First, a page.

North Carolina Newspapers

    March 25, 2009
Volume 12 No. 11
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Serving the Gardner-Webb University community for more than 60 years
This Edition
— In campus news —
Hot shot or not, take
part in Hoops for Hope
fundraiser. See page 2.
Spring break was no
time of rest for students
who went on mission
trips. See p.2
Find out what fun the
Springs Alive festival
holds for you. See p.2
The contestants pose a
problem for ‘America’s
Next Top Model’. See
Enjoy some hillbilly hi-
jinks when ‘Li’l Abner’
takes the Dover The
ater stage. See p.4
McDonald’s construction under way
. Opinion/editorial I
Pilot editor Blake
DuDonis has good
things in mind for
GWU. See p.4
■ In sports-
By Molly Phipps
Pilot staff writer
On March 6, ground was
officially broken for the new
McDonald’s restaurant slated to
open in Boiling Springs in late
Town and Gardner-Webb
University officials, along with
the owners and operators of the
future establishment, posed with
shovels in hand to celebrate the
“I’m just thrilled that now
we have the opportunity to be
here,’’ said owner Dave Hunt,
who also noted that things are
on track for the McDonald’s to
be open before the first of July.
According to Hunt, this res
taurant will possess a number
of distinctive features. First, it
will have a double-lane drive-
through that can service up to
203 cars per hour.
Also, there will be an exten
sive selection of coffees and hot
drinks in the McCafe. Free Wi
Fi will be available.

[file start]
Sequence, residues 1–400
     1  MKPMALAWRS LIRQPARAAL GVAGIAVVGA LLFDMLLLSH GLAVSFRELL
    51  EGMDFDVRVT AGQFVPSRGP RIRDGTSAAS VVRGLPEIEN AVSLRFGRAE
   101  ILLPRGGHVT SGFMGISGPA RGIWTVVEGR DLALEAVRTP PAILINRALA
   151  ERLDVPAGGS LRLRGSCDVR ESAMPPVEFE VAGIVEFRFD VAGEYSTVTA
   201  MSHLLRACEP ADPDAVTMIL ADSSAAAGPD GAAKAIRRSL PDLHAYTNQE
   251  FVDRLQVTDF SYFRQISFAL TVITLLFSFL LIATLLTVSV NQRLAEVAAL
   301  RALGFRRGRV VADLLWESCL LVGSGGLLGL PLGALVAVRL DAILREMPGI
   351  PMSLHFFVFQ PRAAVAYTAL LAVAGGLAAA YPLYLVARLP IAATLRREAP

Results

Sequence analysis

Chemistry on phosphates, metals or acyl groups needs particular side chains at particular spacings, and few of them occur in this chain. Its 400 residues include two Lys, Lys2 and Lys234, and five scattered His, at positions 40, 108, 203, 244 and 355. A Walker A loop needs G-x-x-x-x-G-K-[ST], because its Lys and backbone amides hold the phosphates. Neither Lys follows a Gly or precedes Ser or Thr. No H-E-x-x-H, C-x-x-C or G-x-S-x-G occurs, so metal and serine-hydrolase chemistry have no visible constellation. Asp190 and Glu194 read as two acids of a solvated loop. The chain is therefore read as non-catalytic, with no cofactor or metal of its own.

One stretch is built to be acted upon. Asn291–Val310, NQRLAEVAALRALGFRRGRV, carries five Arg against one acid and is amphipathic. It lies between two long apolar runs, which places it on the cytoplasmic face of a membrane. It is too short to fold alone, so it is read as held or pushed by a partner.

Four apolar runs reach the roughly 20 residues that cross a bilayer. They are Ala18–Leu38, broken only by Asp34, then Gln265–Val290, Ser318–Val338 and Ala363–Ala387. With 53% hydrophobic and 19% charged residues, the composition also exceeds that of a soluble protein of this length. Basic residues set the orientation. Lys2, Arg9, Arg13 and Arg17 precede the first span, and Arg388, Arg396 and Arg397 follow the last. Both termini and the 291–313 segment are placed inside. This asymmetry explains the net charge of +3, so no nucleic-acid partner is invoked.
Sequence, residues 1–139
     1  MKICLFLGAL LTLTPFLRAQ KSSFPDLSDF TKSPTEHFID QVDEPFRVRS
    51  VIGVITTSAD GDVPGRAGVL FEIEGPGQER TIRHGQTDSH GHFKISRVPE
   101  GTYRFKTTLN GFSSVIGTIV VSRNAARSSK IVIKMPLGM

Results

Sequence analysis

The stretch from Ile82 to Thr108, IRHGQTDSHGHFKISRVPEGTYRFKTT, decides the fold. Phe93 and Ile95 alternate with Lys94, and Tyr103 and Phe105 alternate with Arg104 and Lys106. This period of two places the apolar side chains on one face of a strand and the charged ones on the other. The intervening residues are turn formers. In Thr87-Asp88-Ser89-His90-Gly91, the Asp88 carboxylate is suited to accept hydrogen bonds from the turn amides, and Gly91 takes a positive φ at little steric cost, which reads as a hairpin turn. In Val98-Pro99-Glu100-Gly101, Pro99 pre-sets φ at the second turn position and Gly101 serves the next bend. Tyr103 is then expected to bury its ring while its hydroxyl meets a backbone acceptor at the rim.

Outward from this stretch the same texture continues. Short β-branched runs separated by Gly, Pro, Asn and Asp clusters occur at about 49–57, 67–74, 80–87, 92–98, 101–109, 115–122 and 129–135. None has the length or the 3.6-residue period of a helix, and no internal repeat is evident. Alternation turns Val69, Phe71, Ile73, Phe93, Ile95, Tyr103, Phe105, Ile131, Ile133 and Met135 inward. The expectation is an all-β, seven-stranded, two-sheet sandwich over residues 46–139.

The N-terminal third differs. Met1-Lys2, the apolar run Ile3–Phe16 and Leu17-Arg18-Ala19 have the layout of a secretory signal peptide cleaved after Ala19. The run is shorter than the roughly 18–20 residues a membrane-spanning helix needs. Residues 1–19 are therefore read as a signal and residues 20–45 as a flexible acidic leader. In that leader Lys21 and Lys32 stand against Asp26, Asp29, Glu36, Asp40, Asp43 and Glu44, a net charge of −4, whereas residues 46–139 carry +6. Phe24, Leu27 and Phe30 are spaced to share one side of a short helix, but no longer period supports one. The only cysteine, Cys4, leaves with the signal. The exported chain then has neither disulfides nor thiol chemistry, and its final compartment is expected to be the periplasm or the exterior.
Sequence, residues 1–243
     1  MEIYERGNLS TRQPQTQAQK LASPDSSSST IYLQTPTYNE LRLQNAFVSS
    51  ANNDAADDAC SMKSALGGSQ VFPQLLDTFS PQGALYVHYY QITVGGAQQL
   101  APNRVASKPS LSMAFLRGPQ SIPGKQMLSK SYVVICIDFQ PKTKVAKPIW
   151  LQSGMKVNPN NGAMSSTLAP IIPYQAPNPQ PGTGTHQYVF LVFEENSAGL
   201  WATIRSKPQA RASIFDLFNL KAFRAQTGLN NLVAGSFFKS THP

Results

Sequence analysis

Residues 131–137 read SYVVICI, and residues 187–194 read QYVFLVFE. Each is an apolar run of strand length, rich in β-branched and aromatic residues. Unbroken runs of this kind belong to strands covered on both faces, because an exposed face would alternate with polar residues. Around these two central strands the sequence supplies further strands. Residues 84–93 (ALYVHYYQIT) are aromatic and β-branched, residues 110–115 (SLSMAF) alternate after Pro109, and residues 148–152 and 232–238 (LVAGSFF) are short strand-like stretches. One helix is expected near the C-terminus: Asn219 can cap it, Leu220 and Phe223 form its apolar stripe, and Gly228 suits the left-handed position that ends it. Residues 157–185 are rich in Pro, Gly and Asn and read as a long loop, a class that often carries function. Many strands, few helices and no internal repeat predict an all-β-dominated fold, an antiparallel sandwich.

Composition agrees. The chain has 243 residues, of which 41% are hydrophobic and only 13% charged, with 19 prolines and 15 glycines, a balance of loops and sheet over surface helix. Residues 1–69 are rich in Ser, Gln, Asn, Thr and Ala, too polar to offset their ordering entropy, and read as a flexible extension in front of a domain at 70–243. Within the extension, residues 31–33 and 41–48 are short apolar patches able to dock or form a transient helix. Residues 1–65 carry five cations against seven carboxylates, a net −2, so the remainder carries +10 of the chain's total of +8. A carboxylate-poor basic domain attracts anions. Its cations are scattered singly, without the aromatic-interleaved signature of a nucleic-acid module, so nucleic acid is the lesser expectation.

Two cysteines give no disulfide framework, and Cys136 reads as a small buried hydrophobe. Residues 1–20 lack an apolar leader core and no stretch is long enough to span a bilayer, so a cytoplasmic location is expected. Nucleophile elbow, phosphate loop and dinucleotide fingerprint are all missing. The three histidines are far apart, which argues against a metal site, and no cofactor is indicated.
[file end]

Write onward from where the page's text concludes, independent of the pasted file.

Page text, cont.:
In addition, a 10-foot con
ference table is to be included,
which Hunt and his partner.
Bob Holger, believe will be a
resource for GWU faculty and
Hunt said he hopes to inte
grate Gardner-Webb themes in
the design, with the Bulldog
logo and Gardner-Webb colors
One idea Hunt mentioned
specifically was the possibility
of painting large paw prints on
„ V. * , X i . . ^ '
Photo by Kaylee Potter
A crowd joined Dave Hunt and Bob Holger, left, in breaking ground for the new McDonald’s
on Main Street. Next to the owners are GWU President Frank Bonner, Town Manager Zach
Trogdon and Mayor Max Hamrick.
the drive-through, erators hope to work with high
Holger, franchisee of the school students from the area as
restaurant, further emphasized well as Gardner-Webb students.
■ - ■ " One question important to
The wrestling team did
well in the regional
competition, but the
NCAAs proved a bit
much. See p.3
The track and field
team is off to a fast
start for the outdoor
season. See p.3
The women’s basket
ball team came oh-so-
close to going to the